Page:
Practice and Learning Editor
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About one in seven women aged 55-64 have anaemia with the prevalence even higher in women in the 15-44 age group.
The government has maintained its view that nurse staffing levels should be determined at local level in its initial response to the Francis report.
The government has ignored Robert Francis QC’s call for a registered older person’s nurse, instead opting for a review of training on this area of care.
- Discharge is as important as admission
- Francis report: Older person’s nurses to lead care
- 9 ways the Francis report could change your nursing practice
- Sex workers support service launches Olympics website
- How can I best support grieving relatives and carers?
This is Dementia Awareness week which is a good way to call attention to this common condition. But in reality every week needs to be dementia aware for nurses. And it’s not just for nurses working in care of the older persons and in nursing homes. All nurses will come into contact with patients with dementia – on surgical wards, in A&E, outpatients, GP surgeries and out in the community.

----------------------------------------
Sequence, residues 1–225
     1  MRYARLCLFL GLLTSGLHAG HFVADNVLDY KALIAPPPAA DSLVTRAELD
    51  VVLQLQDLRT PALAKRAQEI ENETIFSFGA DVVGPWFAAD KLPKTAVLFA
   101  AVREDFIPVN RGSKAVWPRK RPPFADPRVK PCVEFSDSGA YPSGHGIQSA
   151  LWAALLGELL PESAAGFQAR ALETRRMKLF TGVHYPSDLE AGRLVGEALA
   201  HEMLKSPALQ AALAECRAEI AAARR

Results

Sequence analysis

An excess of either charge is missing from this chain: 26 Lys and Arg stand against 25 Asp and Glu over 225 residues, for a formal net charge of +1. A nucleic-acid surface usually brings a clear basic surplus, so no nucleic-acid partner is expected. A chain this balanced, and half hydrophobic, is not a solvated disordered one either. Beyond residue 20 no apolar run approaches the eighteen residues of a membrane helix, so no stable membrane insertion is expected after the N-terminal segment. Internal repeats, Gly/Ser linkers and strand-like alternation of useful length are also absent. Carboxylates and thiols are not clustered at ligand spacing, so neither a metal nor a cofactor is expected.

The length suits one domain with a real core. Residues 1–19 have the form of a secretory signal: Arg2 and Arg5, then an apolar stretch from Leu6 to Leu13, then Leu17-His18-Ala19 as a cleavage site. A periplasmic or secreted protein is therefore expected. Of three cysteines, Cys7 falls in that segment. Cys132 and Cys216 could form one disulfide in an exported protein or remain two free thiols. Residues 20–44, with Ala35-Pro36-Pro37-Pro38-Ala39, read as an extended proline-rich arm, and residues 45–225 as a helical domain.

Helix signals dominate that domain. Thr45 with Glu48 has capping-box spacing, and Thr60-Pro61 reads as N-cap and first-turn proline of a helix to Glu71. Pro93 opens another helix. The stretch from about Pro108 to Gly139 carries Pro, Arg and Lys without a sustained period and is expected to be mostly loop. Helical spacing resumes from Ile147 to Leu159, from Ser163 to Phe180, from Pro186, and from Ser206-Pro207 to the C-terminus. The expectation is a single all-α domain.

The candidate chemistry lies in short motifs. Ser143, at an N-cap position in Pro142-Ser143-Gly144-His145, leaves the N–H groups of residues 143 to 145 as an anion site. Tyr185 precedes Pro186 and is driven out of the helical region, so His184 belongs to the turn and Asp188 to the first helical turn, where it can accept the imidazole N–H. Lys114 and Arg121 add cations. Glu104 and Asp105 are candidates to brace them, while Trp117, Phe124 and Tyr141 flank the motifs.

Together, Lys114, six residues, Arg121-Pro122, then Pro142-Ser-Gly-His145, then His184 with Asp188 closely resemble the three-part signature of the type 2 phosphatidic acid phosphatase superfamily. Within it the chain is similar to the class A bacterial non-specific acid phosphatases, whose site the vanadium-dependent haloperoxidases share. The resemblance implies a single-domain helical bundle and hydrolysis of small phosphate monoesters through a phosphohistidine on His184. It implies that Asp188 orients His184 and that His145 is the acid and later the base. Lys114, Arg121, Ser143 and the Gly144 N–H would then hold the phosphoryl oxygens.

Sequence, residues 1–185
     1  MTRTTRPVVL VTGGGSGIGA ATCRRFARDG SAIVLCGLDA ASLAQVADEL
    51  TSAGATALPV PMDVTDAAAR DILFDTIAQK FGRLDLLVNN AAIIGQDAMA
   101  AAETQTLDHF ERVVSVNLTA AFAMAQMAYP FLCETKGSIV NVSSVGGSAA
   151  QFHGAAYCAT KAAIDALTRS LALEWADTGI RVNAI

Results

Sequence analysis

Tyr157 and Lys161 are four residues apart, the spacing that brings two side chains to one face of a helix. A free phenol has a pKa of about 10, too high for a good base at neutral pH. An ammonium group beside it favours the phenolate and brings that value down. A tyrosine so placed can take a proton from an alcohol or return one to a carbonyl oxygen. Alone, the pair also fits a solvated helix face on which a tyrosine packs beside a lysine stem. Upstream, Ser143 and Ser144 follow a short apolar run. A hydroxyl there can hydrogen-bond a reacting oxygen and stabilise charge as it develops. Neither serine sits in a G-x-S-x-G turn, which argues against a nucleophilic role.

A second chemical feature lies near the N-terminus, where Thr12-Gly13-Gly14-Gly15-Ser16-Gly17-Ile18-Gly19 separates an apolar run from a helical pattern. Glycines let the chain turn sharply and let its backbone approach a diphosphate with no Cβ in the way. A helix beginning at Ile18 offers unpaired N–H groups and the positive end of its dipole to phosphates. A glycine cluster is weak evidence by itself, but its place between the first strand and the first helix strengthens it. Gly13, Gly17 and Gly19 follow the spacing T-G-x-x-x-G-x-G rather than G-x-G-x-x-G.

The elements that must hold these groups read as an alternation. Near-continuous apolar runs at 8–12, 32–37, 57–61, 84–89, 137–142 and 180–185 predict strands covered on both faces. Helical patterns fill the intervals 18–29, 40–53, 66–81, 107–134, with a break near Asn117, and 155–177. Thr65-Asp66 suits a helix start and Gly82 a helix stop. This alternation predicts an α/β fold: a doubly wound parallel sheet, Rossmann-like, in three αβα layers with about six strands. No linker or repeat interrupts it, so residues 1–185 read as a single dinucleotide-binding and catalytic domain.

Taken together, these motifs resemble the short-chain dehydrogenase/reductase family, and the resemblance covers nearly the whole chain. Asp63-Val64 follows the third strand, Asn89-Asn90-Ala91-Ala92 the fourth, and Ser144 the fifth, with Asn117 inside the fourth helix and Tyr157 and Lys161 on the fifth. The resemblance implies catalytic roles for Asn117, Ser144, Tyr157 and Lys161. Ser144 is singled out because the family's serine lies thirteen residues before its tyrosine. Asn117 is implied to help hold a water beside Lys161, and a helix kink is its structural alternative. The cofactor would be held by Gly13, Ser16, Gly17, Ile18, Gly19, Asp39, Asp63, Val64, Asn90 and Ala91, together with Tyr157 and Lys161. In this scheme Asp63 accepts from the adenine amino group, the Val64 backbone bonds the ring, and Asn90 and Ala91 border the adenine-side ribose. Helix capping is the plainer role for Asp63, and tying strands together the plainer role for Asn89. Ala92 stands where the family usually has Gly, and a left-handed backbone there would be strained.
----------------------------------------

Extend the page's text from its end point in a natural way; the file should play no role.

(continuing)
A friend recently tried to have a Doppler scan and tissue viability assessment in the community rather than in the hospital.
The Francis report was clear that nursing was not working and made a series of recommendations broadly welcomed by the profession. Although it was damming about some nurses and the care they did not give it gave hope for the future. But this response to the detail and consideration in the Francis report feels a bit too much of a sideways swerve, a dodge even.
- What will Francis do to address lack of resources?
- 'It is hard to hear criticism of the nursing profession'
- Save that New Year resolution!
- Do you remember your first week in nursing?
- What are your New Year resolutions at work?
- Research decoded: what skin products should be avoided on older skin?
- How can we impact on stroke outcomes?